Understanding correctness of code really comes down to proving that the code does the right thing. What tools do we have as programmers for proving the correctness of our code?
 Tests prove that the code is correct for specific inputs.
 Type systems prove the absence of (certain kinds of) incorrectness.
 Theorem provers prove sophisticated claims about our code for us.
 Monitoring tools prove that incorrect behavior hasn’t occurred yet, or provide us with a concrete counter example when it happens.^{1}
 Program authors can prove the correctness of their code (i.e., with a traditional penandpaper proof).
The first three are exciting because they involve a computer doing most of the work for us! The fourth might seem not helpful, but is often better than nothing, and in many situations can be leveraged into making powerful claims. None of the above are as universally applicable as the last: doing the proof ourself, but it’s also usually the most error prone.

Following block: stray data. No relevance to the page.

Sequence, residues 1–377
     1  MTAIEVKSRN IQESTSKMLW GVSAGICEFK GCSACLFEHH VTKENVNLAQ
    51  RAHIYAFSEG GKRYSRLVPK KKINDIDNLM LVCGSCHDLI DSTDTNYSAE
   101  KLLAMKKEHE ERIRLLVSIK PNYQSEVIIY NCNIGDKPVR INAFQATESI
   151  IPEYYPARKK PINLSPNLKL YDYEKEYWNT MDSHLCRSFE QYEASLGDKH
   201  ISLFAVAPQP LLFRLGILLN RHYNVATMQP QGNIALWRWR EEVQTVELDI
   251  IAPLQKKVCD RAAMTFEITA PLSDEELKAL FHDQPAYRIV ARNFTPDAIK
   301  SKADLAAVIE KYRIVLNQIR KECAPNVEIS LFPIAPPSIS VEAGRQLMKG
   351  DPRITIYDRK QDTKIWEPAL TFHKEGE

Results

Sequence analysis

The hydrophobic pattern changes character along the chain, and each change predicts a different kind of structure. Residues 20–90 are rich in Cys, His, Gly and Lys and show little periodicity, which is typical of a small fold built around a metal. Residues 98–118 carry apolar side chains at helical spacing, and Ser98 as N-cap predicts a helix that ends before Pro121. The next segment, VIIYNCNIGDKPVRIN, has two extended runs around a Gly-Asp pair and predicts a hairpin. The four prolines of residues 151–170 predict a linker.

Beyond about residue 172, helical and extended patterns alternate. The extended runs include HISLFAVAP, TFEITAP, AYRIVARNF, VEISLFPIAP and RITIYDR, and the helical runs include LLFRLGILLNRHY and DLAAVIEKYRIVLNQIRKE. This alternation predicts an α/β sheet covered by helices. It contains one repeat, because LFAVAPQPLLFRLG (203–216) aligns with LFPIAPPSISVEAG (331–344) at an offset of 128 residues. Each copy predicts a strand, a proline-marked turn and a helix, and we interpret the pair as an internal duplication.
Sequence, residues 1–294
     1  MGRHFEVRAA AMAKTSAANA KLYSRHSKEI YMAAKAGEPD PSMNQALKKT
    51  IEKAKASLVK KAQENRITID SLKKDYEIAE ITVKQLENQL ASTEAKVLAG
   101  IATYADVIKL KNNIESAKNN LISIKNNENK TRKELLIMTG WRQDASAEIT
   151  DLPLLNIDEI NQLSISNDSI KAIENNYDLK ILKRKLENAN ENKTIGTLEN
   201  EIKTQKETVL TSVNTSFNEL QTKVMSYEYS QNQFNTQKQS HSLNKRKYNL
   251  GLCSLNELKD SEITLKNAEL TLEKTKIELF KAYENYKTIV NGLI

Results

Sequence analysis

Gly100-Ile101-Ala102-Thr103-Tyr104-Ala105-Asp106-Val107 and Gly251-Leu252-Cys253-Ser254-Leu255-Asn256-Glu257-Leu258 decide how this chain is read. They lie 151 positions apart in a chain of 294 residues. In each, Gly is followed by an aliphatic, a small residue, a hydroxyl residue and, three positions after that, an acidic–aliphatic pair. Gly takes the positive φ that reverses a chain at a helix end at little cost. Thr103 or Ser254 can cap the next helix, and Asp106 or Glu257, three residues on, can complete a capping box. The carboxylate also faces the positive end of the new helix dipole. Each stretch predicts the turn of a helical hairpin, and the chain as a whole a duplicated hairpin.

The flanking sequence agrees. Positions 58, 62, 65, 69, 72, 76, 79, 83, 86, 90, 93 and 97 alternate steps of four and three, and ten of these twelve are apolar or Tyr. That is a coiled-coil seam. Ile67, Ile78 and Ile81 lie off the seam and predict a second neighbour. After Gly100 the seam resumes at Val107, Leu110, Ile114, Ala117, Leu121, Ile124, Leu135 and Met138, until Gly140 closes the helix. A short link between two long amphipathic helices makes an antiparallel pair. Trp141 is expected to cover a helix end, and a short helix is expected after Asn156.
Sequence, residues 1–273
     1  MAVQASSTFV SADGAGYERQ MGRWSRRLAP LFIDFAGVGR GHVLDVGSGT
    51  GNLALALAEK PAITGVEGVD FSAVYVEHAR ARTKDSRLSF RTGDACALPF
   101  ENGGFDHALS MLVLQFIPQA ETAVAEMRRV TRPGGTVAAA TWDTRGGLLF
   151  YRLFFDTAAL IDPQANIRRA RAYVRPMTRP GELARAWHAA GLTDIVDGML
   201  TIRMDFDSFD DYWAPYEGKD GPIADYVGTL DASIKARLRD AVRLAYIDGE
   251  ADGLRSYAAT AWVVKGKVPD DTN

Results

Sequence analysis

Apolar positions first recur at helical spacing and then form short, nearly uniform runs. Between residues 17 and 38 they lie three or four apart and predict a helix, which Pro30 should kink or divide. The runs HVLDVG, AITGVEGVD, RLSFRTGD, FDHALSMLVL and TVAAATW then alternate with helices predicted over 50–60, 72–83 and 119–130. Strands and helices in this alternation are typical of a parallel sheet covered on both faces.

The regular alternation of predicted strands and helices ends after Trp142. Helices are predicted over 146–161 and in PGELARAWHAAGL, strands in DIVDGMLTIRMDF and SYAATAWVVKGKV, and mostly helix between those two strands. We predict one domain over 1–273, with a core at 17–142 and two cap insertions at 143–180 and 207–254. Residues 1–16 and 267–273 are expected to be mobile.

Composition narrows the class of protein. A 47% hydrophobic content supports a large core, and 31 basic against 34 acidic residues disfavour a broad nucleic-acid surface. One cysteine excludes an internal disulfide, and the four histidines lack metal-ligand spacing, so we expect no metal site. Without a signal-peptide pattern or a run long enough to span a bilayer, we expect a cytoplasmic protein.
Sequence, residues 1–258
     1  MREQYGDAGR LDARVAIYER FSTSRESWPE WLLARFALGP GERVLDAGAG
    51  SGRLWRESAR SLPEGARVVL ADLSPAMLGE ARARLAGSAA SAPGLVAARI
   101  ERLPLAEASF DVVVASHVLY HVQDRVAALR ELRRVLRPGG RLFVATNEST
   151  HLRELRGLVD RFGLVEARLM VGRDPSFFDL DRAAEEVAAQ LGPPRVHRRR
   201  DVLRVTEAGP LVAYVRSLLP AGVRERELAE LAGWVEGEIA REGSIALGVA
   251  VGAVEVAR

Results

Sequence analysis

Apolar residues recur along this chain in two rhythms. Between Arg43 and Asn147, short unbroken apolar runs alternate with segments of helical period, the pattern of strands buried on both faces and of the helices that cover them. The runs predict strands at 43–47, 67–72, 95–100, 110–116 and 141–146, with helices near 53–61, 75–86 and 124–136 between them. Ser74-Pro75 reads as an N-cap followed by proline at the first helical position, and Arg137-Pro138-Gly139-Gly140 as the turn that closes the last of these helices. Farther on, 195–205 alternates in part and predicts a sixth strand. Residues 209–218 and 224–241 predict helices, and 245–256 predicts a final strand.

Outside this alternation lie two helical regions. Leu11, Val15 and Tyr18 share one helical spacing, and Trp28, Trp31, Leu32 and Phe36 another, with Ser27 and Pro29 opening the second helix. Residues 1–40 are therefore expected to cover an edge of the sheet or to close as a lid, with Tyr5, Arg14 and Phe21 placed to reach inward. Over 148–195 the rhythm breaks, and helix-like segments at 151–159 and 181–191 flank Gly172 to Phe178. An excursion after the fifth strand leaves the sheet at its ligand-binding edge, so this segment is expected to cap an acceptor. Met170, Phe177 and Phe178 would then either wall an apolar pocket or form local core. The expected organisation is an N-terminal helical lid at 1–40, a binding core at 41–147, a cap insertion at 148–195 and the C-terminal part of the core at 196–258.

Note the double negation in (2). Type systems themselves don’t prove correctness, they prove that there aren’t certain kinds of incorrectness, namely: type errors. Meanwhile, tests are rarely (if ever) exhaustive, and frequently allow bugs to pass through to production. This is why testing, types, and monitoring are complementary—one is not a substitute for another.
The hardest part of writing highquality software is ensuring that it runs without bugs. The more tools we have in our arsenal to combat incorrectness, the easier it is to write code for the long term.

Recall that raising an exception is logically the same as throwing a value to a continuation and carrying out a proof by contradiction!↩